#75. "RE: Are we looking at a Full Frame camera?" In response to Reply # 58
Welcome to Nikonians pheti! My guess is that when/if ever, Nikon produces a camera body with a FF sensor, it will/would first appear in a pro-body. The "Mode" dial on the teaser image is a solid indication this is not going to be a pro body.
#77. "RE: Are we looking at a Full Frame camera?" In response to Reply # 76
i have to find out what this "build" thing is all about. As long as it's as sealed as my F100, I'd love my D200 to be about half the weight it is. Modern technology essentially dictates that heft does not equal quality. As a matter of fact (though it was really a day late and a dollar short) I think the F6, a camera that's "all that and a bag o' chips compared to the F5" is lighter (and probably better built) than the F5
#79. "RE: Are we looking at a Full Frame camera?" In response to Reply # 78
a film camera is probably more complex, mechanically, than a digital camera. Just the machinery to move the film (something totally unnecessary in digital) represents whole systems necessary for film that would be superfluous in digital.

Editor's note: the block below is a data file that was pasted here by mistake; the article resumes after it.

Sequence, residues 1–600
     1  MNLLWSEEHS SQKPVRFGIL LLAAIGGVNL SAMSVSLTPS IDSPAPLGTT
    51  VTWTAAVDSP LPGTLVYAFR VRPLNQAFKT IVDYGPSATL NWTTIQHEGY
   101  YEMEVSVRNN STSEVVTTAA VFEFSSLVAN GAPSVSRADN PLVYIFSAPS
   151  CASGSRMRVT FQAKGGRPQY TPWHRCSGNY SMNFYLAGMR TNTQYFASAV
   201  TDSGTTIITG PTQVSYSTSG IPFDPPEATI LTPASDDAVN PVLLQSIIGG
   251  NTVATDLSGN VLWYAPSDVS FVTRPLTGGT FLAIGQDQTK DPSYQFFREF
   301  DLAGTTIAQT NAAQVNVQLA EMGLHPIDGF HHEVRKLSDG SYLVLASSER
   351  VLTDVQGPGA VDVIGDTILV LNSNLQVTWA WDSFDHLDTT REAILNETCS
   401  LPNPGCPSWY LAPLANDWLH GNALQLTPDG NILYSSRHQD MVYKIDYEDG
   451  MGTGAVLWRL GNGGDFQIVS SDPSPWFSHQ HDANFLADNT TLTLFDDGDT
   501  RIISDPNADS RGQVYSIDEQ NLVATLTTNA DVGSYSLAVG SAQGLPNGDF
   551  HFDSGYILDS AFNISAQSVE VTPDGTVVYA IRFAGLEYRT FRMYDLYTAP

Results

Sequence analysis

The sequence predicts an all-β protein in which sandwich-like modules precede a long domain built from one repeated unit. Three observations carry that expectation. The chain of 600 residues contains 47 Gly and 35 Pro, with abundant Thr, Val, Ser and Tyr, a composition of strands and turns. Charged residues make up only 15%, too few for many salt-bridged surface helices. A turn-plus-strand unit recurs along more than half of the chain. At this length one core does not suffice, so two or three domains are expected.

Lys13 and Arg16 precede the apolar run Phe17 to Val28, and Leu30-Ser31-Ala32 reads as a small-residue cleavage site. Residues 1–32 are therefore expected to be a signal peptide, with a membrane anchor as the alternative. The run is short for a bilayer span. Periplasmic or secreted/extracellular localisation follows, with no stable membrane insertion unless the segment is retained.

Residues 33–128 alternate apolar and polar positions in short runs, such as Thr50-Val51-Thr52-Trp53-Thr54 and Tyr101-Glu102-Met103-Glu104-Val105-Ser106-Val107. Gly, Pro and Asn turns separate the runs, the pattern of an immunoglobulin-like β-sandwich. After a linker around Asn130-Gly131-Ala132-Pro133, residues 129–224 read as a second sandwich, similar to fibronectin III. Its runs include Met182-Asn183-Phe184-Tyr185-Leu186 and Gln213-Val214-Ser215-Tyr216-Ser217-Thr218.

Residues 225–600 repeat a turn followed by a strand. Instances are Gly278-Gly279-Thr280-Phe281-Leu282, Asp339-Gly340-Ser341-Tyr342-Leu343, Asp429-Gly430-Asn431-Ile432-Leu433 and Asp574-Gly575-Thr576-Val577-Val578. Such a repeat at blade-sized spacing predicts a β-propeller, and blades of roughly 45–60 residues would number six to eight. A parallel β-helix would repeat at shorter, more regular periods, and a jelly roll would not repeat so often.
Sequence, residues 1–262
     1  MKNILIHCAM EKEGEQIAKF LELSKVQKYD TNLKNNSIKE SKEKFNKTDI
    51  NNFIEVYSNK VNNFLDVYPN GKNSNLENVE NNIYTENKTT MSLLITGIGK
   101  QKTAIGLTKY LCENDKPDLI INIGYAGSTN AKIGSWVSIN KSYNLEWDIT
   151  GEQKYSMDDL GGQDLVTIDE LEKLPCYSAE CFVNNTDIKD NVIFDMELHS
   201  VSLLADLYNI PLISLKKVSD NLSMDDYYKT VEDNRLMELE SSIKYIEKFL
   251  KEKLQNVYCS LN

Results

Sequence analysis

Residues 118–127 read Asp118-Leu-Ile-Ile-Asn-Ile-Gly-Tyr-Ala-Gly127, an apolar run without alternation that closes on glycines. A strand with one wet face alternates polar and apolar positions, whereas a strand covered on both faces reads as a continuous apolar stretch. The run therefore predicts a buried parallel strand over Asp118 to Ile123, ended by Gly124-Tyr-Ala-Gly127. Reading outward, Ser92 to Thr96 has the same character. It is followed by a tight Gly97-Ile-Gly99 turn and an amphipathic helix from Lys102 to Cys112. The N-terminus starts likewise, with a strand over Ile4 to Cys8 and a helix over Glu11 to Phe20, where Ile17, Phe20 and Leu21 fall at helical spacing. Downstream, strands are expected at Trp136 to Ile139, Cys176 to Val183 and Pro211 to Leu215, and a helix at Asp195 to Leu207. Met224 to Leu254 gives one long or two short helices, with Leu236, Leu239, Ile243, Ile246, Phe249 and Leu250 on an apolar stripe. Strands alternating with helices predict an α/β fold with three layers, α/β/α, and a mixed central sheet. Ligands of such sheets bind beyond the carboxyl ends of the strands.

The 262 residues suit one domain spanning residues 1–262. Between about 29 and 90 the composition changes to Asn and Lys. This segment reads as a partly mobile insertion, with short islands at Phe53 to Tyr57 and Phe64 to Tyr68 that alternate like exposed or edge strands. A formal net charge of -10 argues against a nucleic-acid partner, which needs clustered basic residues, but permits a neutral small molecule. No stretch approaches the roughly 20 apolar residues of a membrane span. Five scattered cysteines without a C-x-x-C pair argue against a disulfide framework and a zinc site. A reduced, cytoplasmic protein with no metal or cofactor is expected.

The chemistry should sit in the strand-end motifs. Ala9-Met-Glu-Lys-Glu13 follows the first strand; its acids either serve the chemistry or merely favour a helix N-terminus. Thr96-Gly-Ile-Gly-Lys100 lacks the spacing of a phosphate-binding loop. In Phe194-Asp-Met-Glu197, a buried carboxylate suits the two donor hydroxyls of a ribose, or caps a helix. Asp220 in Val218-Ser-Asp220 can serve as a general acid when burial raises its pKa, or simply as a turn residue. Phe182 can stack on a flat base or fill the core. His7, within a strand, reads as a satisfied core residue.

#81. "RE: Are we looking at a Full Frame camera?" In response to Reply # 58
I'm pretty sure that the last seven years have distinctly shown which direction Nikon is heading........and it is most definitely NOT heading towards the full frame market. Anyway, if Big N did go and do something crazy like make a full frame camera, I believe the first one would not be aimed at the "enthusiast" market as the ad campaign states.
It looks to me like photographers on both sides of The Force are creating fantastic images with their cameras. I'm not saying which format is better (DX or full frame), but I am saying this:
Nikon made an educated decision to continue with these smaller sized chips and I don't really care if they make a full frame or not.
In fact, if they do go full frame and FORCE me to buy more lenses, I'm going to quit photography and take up basket weaving or something.
#82. "RE: Is this the "D80"?" In response to Reply # 0
Here's my .02 worth.